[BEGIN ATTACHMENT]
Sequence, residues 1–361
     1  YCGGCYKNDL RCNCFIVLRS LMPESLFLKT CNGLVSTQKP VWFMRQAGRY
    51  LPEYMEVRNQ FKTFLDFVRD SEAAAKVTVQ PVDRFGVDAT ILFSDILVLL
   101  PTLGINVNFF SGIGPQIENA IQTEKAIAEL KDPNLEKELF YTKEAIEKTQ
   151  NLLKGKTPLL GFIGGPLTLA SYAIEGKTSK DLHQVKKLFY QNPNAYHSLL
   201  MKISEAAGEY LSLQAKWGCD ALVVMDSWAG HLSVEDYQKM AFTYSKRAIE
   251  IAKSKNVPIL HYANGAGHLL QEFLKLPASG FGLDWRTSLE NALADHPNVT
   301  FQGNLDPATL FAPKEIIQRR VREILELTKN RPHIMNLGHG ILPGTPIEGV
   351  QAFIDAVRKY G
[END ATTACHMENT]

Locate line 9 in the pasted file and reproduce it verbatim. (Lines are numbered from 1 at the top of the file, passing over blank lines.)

   351  QAFIDAVRKY G